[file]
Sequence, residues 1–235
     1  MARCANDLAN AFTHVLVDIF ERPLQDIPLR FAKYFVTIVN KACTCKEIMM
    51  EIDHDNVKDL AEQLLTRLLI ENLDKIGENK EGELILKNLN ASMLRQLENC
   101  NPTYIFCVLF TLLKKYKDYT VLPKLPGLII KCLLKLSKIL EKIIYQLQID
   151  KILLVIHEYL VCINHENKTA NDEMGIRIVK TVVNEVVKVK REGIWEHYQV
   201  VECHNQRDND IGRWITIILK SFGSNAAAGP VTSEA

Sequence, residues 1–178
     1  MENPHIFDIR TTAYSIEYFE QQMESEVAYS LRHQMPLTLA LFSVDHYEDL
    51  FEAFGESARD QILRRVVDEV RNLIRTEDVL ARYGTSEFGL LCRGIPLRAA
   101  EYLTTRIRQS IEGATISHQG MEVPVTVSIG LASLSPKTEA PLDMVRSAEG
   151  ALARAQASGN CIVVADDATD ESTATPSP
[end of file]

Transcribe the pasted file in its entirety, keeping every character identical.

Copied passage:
Sequence, residues 1–235
     1  MARCANDLAN AFTHVLVDIF ERPLQDIPLR FAKYFVTIVN KACTCKEIMM
    51  EIDHDNVKDL AEQLLTRLLI ENLDKIGENK EGELILKNLN ASMLRQLENC
   101  NPTYIFCVLF TLLKKYKDYT VLPKLPGLII KCLLKLSKIL EKIIYQLQID
   151  KILLVIHEYL VCINHENKTA NDEMGIRIVK TVVNEVVKVK REGIWEHYQV
   201  VECHNQRDND IGRWITIILK SFGSNAAAGP VTSEA

Sequence, residues 1–178
     1  MENPHIFDIR TTAYSIEYFE QQMESEVAYS LRHQMPLTLA LFSVDHYEDL
    51  FEAFGESARD QILRRVVDEV RNLIRTEDVL ARYGTSEFGL LCRGIPLRAA
   101  EYLTTRIRQS IEGATISHQG MEVPVTVSIG LASLSPKTEA PLDMVRSAEG
   151  ALARAQASGN CIVVADDATD ESTATPSP